By Karis Rogerson
Not every author (in fact, not even most authors) have shared that their favorite part of the writing process is the research. That all changed when I interviewed Chloe Gong, who spoke rapturously of the many hours she spent in her school library reading everything from secondary sources to “actual texts from the 1930s that were probably going to fall apart in my hands if I sneezed a little hard.”
“All in all, it was definitely the part that felt most writerly to me, and I enjoy having a pretentious writerly aesthetic,” she said.
Gong is the debut author of These Violent Delights, a Romeo and Juliet retelling set in 1920s Shanghai while a strange monster plagues the city. It sounds like a mouthful, but having read the book in a few breathless installments, I can attest to Gong’s prowess not only as a writer but in general as a crafter of tales.
It’s a gorgeously-spun and thrilling tale that not only retells one of the seminal star-crossed romances of English literature, but also doesn’t shy away from talking about tough topics like colonialism, racism, and bigotry of all forms.
In fact, Gong said in an email interview that this was something she did intentionally. Though she confessed to being in love with the general feel of the 1920s, saying she wanted to set a story there “for the sheer coolness factor,” she also spoke candidly about the problems of that era.
“One of my biggest pet peeves is historical fiction that completely glosses over the social and political tension of that time,” she said, “because the 1920s was an era with so much racial and colonial injustice no matter what region of the world you were in, and I knew that if I wanted to write something in that time, it was something that would be at the center—which is risky, I know, because some people just want to brush it under the rug and not read about it.”
She added that writing a story set during the 1920s without thoroughly exploring those issues would have felt artificial.
As for Shanghai, she explained that it’s the city in which her parents grew up so she feels a real connection to it, and added, “I had never seen before a Western classic interpreted through a lens set in the East, where the ideas were still about bordering the space between the West and the East, about a girl and a city caught between two very different cultures trying to exist simultaneously. So I went ahead and wrote it!”
Gong was originally drawn to the Romeo and Juliet tale because of the blood feud element, she said. In These Violent Delights, the Montagues and the Capulets become the Montagov family (head of the White Flowers) and the Cai family (head of the Scarlet Gang). They’ve been sworn enemies for uncounted years, but suddenly a monster is loose, madness is spreading throughout their city, and both gangs are equally at risk.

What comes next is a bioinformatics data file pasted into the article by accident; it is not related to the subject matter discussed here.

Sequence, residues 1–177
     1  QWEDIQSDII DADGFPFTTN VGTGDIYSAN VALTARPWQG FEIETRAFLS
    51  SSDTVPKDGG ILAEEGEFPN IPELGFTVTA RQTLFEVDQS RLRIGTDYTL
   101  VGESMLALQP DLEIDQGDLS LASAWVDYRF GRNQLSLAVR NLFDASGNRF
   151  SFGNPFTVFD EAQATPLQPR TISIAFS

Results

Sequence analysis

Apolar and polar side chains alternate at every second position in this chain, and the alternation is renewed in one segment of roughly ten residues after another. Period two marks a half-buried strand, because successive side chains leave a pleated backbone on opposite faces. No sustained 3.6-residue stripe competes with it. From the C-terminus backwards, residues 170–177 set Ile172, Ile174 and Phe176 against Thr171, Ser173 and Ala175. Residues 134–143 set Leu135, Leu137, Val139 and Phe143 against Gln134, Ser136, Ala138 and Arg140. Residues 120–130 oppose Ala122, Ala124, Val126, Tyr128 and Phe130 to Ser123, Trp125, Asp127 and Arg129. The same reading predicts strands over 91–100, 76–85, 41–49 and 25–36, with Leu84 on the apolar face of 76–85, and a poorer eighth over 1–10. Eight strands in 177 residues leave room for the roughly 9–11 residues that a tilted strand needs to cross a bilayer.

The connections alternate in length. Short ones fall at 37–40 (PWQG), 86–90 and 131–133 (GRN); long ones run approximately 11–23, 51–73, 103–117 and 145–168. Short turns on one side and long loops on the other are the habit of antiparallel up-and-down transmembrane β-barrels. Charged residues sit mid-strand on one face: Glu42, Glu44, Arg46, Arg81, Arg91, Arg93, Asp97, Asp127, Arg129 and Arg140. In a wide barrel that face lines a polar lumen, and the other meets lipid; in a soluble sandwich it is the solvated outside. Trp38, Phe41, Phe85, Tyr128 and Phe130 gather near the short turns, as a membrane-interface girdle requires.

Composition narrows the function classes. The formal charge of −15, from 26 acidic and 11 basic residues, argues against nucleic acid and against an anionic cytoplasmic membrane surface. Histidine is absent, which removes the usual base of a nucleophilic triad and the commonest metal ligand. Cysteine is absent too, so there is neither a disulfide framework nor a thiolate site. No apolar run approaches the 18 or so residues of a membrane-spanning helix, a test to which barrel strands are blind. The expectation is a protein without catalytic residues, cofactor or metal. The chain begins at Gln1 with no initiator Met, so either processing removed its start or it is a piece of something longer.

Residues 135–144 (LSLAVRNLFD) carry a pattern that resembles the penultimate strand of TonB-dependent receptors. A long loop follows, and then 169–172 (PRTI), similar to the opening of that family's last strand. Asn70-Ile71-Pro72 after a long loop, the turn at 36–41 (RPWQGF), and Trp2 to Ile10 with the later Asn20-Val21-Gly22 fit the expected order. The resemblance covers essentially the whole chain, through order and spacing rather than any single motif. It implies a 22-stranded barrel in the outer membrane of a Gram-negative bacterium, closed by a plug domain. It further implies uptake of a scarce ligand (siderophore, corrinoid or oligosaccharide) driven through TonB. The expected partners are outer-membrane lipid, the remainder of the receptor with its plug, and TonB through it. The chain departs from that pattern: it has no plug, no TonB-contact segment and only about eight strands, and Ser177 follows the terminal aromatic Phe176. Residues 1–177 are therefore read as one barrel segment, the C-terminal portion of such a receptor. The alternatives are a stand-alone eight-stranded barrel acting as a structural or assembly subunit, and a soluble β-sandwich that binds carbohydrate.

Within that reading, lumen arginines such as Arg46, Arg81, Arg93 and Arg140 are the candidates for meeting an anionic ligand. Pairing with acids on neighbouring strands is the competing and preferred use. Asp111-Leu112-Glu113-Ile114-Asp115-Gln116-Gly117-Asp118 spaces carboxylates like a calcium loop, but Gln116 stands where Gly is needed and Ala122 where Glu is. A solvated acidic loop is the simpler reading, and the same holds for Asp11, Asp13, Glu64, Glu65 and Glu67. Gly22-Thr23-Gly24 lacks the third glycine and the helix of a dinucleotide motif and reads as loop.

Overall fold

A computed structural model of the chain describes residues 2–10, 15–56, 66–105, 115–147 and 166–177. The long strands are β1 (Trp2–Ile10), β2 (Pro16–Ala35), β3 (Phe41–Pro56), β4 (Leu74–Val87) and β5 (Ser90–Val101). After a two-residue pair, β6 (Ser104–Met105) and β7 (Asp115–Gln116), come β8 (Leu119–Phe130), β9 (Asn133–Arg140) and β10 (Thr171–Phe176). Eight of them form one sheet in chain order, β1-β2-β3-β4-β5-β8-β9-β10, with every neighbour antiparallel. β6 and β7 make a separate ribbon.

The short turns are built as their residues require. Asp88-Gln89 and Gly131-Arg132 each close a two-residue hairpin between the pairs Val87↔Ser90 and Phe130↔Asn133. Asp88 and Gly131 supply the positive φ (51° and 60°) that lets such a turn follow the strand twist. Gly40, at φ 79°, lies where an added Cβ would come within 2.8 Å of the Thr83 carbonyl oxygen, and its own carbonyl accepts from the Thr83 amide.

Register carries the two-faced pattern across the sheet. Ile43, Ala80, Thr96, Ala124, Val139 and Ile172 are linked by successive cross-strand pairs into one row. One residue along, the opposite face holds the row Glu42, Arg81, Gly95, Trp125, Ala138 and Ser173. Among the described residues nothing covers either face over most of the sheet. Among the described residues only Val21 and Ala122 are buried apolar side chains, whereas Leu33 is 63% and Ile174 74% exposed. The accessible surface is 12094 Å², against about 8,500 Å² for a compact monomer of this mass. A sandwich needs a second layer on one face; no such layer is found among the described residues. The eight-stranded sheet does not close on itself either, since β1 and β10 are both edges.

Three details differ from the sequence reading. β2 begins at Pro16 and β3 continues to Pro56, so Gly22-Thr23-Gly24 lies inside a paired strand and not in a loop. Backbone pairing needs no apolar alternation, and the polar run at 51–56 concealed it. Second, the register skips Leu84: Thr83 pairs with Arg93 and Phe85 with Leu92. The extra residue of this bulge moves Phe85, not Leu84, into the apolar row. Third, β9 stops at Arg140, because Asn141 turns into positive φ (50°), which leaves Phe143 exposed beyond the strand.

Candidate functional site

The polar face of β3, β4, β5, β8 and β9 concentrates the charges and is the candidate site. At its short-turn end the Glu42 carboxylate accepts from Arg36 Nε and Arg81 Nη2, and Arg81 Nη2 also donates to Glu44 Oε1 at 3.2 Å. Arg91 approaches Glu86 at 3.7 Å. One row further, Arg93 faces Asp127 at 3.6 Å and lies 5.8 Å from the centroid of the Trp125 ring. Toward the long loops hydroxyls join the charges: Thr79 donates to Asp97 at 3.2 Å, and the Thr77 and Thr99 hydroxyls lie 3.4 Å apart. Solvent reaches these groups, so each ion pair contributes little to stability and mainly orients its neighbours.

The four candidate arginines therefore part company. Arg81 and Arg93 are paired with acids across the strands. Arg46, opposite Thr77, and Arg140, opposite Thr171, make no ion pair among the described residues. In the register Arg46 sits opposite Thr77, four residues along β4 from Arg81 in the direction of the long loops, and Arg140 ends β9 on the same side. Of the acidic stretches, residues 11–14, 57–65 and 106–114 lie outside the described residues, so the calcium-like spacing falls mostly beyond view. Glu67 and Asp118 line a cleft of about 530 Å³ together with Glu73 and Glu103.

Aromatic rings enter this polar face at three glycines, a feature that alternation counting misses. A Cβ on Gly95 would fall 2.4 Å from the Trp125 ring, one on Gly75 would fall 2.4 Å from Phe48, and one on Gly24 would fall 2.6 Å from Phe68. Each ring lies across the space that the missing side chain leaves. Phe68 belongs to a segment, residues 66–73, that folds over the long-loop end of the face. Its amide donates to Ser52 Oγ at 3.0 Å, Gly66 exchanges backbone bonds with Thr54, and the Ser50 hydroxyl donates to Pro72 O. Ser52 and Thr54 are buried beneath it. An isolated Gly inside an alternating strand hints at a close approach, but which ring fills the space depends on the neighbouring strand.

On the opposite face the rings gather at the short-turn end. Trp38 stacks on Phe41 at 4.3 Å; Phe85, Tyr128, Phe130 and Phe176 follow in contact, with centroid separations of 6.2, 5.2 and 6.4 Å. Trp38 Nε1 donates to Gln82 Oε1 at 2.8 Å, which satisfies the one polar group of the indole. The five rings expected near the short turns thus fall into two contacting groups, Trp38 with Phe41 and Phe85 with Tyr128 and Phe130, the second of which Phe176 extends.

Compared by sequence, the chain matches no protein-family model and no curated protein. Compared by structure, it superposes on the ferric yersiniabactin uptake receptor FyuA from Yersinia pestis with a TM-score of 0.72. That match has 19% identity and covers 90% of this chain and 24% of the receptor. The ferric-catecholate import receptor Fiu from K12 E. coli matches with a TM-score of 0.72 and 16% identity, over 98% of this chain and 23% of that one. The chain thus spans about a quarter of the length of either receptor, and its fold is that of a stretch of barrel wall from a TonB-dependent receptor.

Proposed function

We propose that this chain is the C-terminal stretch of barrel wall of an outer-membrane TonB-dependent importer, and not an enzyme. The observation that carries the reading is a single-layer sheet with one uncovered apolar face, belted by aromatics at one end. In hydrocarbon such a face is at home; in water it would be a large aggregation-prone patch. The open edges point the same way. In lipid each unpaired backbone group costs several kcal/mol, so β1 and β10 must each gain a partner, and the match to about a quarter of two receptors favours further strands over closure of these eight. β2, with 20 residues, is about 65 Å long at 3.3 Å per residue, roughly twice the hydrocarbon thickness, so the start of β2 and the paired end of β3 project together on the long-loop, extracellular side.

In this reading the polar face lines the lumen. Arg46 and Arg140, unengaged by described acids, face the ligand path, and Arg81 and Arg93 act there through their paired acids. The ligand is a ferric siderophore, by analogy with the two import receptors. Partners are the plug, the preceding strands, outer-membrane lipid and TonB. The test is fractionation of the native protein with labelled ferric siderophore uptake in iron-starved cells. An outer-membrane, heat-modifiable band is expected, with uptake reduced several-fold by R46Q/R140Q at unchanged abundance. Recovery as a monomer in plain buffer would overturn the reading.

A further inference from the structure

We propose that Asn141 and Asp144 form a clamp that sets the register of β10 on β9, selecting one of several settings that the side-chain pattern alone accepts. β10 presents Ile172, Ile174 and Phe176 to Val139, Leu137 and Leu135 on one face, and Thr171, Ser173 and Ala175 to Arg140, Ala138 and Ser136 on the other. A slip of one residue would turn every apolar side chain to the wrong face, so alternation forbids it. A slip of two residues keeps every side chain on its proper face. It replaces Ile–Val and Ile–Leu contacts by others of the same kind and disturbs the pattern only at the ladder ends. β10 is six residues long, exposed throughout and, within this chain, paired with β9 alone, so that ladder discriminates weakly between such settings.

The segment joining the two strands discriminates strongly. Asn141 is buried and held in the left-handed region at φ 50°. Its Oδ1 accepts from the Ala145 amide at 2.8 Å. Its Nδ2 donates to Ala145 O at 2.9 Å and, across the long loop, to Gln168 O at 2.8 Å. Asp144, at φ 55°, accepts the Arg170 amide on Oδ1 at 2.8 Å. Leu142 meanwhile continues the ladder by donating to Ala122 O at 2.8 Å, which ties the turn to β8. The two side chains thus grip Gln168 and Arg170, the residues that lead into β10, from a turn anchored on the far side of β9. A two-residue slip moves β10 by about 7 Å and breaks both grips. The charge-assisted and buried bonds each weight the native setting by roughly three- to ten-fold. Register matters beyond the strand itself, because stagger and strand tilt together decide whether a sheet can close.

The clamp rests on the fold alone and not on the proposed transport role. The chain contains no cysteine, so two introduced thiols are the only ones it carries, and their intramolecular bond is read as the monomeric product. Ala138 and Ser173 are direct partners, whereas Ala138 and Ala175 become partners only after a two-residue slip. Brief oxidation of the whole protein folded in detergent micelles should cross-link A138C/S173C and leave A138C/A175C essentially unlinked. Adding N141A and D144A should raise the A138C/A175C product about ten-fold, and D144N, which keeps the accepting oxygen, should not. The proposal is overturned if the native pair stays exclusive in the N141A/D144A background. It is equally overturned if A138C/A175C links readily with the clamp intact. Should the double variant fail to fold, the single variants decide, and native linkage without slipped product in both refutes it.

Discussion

She said she wanted to explore that tension between hating each other and needing to work together.
In addition, Gong shared that though she’d never studied the play in high school, she had delved into other works by Shakespeare, “and I really loved the way he uses language,” she said.
She re-read the play with the blood feud idea at the front of her mind, and said, “I was absolutely in love with the themes and ideas that Shakespeare was trying to put forward that actually gets overlooked so much with everyone’s typical assumption that Romeo and Juliet is just about the romance. From that moment forward it was my mission to reimagine it, and bring the ideas I thought were most important to the forefront again.”
Long before she became the author she is now, Gong said, she was a bored teenager who’d devoured all the books she owned and thought to herself that maybe she could write her own.
So, the summer after her first year of high school, she did just that, writing a tome on her iPad.
“These earliest days as a writer are definitely my fondest writing moments because that was when I was writing solely to tell a story and make a world out of nothing,” she recalled. “I didn’t care about it being good, nor coherent, nor logical.”
And even now, Gong said that writing isn’t just a career obligation for her. “I love telling stories,” she said, adding that of course, she wants others to read her stories and be a part of the worlds she creates. “But at the end of the day, even if I retreated into a cave and became completely removed from the publishing industry, the drive I have to keep creating is motivated by putting these worlds into existence, and I don’t think anything is ever going to stop me from continuing to do so.”